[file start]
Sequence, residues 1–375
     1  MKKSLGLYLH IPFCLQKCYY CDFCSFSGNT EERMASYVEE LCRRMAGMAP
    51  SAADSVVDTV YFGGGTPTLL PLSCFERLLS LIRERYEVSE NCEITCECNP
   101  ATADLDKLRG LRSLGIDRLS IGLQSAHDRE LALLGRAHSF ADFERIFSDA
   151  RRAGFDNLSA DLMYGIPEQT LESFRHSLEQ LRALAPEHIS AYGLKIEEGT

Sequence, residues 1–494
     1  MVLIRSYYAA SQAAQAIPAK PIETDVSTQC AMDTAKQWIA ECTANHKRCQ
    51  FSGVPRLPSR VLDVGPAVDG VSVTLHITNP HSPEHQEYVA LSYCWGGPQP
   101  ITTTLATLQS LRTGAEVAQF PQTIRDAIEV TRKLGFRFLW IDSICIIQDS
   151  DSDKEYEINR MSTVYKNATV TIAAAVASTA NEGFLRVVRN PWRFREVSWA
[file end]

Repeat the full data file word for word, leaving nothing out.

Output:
Sequence, residues 1–375
     1  MKKSLGLYLH IPFCLQKCYY CDFCSFSGNT EERMASYVEE LCRRMAGMAP
    51  SAADSVVDTV YFGGGTPTLL PLSCFERLLS LIRERYEVSE NCEITCECNP
   101  ATADLDKLRG LRSLGIDRLS IGLQSAHDRE LALLGRAHSF ADFERIFSDA
   151  RRAGFDNLSA DLMYGIPEQT LESFRHSLEQ LRALAPEHIS AYGLKIEEGT

Sequence, residues 1–494
     1  MVLIRSYYAA SQAAQAIPAK PIETDVSTQC AMDTAKQWIA ECTANHKRCQ
    51  FSGVPRLPSR VLDVGPAVDG VSVTLHITNP HSPEHQEYVA LSYCWGGPQP
   101  ITTTLATLQS LRTGAEVAQF PQTIRDAIEV TRKLGFRFLW IDSICIIQDS
   151  DSDKEYEINR MSTVYKNATV TIAAAVASTA NEGFLRVVRN PWRFREVSWA